Google’s Ajax Indexing Specification: Developer Talk
Many websites built with Ajax contain a wealth of content that is hidden from search engines. Google’s specification for Ajax indexing, promises to fix all that. Here, we interview a site that recently implemented the specification. How did it work out for them?
In a recent post, we researched several examples of sites using the Google Ajax indexing specification. One that jumped out at us was Bookwhack.com (since rebranded to YourNextRead). YourNextRead.com is a website for socially sharing book reviews in a pleasant browsable environment. Says co-founder, Robert Boland: “YourNextRead combines simple one page navigation with multiple book reviews and user recommendations.” We spoke with Robert about his team’s choice to make their Ajax-generated content indexable on Google.
Gravity: Why did you decide to implement the Google specification for Ajax indexing on YourNextRead.com?
YourNextRead: Since we were starting a new project, we had the freedom to use the latest technology. We decided to develop in GWT Ajax [Gravity’s Note: “GWT” stands for Google Web Toolkit]. We looked into how to make YourNextRead crawlable and thought using Google’s new technique might give us an edge.
Gravity: Did you have an Ajax-based site previously that did not have the spec in place? If so, have you seen a difference between the old & new site performance in search?
We noticed a great improvement after implementing this technique on YourNextRead. Beforehand, none of the Ajax content was visible to the searchbots – only the index page was being crawled.
Gravity: I notice that your site doesn’t include degraded content for Yahoo! or Bing. Was this a conscious decision or do you plan to implement some other approach for Yahoo and Bing?
We have not included degraded content for Yahoo or Bing, as other development tasks have been prioritised at the moment. Google is the largest search engine and tends to lead the way on search engine standards. We believe/hope 😀 Yahoo and Bing will soon follow Google’s lead.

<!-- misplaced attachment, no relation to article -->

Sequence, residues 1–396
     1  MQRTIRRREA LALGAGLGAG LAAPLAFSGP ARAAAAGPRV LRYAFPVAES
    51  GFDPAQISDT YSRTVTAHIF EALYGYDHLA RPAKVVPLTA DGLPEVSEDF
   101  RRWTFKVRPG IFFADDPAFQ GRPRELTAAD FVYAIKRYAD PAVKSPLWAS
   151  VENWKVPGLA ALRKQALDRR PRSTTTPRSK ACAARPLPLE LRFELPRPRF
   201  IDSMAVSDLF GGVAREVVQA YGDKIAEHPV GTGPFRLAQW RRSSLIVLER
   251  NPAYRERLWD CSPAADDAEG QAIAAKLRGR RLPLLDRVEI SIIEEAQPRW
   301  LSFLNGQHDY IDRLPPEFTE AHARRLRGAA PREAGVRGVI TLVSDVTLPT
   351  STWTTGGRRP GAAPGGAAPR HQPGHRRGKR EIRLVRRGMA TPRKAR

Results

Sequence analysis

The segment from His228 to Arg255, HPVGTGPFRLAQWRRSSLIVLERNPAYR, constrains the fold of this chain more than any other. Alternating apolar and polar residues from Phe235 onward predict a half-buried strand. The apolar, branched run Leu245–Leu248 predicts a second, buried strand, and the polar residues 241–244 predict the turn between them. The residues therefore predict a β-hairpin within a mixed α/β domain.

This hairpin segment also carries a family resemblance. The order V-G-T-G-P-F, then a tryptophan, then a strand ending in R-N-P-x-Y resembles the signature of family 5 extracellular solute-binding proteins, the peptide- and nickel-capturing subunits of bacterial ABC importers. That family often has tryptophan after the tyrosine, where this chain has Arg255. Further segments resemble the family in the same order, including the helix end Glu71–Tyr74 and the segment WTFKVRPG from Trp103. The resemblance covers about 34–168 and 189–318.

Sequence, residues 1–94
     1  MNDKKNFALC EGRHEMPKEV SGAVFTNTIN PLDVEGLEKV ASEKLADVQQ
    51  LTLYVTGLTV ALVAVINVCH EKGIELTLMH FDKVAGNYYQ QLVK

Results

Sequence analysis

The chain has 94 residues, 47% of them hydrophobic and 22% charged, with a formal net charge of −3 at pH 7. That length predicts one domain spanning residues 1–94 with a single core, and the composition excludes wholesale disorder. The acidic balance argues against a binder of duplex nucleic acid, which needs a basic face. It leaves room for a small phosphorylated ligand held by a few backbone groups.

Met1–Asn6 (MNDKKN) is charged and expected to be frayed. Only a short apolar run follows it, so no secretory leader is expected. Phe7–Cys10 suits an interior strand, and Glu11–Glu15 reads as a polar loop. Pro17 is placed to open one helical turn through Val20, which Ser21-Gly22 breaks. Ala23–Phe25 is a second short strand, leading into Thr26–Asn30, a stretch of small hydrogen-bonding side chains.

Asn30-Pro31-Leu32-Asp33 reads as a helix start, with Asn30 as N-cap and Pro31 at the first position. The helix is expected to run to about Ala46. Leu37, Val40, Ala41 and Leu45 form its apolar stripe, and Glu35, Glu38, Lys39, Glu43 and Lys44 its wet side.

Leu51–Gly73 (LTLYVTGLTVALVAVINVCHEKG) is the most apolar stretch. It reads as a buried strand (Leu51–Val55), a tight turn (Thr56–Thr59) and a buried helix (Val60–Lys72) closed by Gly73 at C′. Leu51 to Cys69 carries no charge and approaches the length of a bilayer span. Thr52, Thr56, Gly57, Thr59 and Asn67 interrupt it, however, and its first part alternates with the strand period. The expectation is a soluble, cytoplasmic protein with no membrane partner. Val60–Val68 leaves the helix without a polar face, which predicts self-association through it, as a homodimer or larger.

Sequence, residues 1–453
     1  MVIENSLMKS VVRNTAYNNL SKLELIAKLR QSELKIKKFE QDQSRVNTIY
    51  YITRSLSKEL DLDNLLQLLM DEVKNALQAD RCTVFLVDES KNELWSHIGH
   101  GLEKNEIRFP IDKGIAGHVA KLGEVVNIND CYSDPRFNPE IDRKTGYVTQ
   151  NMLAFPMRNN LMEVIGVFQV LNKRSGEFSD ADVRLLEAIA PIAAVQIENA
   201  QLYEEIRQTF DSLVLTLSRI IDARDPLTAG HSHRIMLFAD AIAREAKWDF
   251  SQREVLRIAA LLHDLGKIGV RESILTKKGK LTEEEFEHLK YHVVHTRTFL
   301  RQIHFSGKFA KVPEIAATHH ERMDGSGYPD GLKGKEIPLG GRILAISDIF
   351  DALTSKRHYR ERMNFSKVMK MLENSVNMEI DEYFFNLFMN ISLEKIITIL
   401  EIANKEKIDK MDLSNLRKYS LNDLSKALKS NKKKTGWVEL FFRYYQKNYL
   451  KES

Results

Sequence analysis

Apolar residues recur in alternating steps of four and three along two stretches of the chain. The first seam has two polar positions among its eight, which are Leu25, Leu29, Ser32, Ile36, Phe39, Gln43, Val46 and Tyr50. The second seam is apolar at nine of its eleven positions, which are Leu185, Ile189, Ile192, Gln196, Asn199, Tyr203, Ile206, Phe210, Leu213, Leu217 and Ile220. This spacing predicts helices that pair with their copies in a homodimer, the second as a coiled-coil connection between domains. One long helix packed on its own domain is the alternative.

Gravity: Did you have any technical difficulties or challenges when implementing? Anything in Google’s instructions that could be clearer?
We did find it difficult to implement the specification at first. In particular, it was hard to find examples or advice on the web as very few other sites are using this technique.
Generally Google’s documentation was clear, although it was tricky to understand how to practically implement the section on ‘Creating HTML Snapshots’. Many of the websites we found describing the new technique focussed on the HTMLUnit implementation. However, we are using a PHP backend to generate much of our content so we could not use this. There are some pseudo-code snippets in the documentation to help with server-side content generation, and it took a while to get the results we wanted.
Gravity: How do you feel about the outcome and the indexing you’ve gotten for your site on Google?
We are still in the process of refining the method and our keywords. However, the indexing of YourNextRead has improved enormously. Webmaster tools indicated there are now many queries linking to our site, whereas previously, there was only one.
You can see for yourself with the attached graph of crawl stats, taken from Webmaster tools:
Gravity: Is there anything you’d like to share with any other website owners who are considering the specification?
The GWT forum is a great place to ask questions as some of Google’s staff are looking out for questions on the new spec and are happy to help. [Gravity’s note: See this thread on “Crawlable AJAX – jQuery Load” as an example.]
The ‘Fetch as Googlebot’ option in webmaster tools was invaluable for testing purposes. The spec would have been much more difficult to implement without this being available.
Gravity: Thanks for the interview!
We’re grateful that Robert was willing to share a few of his experiences with us and our readers! In future posts, we hope to connect with more sites that are implementing this new specification. If you have experience with Google’s Ajax indexing, we hope you’ll leave a comment sharing your thoughts!